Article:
Clamps are commonly used to bind glued surfaces tightly together until the fastening material has set. Types of clamps included the Panel clamp, used to hold together the frame and panels of house doors, interior wall paneling, or the paneled doors of a desk and bookcase.

(Below) Panel clamp, Nathaniel Dominy IV (Maker), 1760-1800. Pine, white ; Hickory; Iron. 6.1" (H) , 65" (L) , 2.87" (W). Museum purchase with funds provided by Henry Belin du Pont, 1957.0026.226.


Slat-bending clamps were used to force slats for chairs to retain a curved shape. After the wood slats were steamed over boiling water or actually dipped in hot water, they became flexible and could be bent. By pushing one end of the slats against an upright block of the clamp and then putting the other movable block in place, the slats, when dried, conformed to the curved shape of the clamp. The thickness of slats used in chairs made by the Dominys indicates that this clamp would hold four slats.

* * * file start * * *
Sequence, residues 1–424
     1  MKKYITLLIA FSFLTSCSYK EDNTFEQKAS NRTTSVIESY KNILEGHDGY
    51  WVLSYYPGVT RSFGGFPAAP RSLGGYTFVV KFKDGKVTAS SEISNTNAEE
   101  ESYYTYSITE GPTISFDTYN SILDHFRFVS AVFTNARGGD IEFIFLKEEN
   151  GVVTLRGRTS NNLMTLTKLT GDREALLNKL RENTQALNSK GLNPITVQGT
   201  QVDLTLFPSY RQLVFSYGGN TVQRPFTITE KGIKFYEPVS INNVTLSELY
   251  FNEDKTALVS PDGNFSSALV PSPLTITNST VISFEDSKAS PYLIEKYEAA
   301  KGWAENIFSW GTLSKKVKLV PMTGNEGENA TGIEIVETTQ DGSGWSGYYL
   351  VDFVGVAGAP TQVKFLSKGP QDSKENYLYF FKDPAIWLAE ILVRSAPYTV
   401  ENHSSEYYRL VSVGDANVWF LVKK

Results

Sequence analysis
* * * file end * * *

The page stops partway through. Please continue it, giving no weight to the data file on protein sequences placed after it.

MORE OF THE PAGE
(Below) Slat-bending clamp, Nathaniel Dominy V (maker), 1800-1840. Tulip, white pine, red oak. 7 1/2" (H), 27 1/6" (L), 3 7/8" (W). Museum purchase with funds provided by Henry Belin du Pont, 1957.0026.223. 

Clamps did not appear in eighteenth- or early-nineteenth-century tool catalogues, nor were they offered for sale in the advertisements of tool distributors that appeared in American newspapers of the same period. It can be reasonably assumed that these wood clamps were made and used in the Dominy woodworking shop. American wood was used in their construction; and the presence of conjoined initials ND on some of them suggests their East Hampton origin.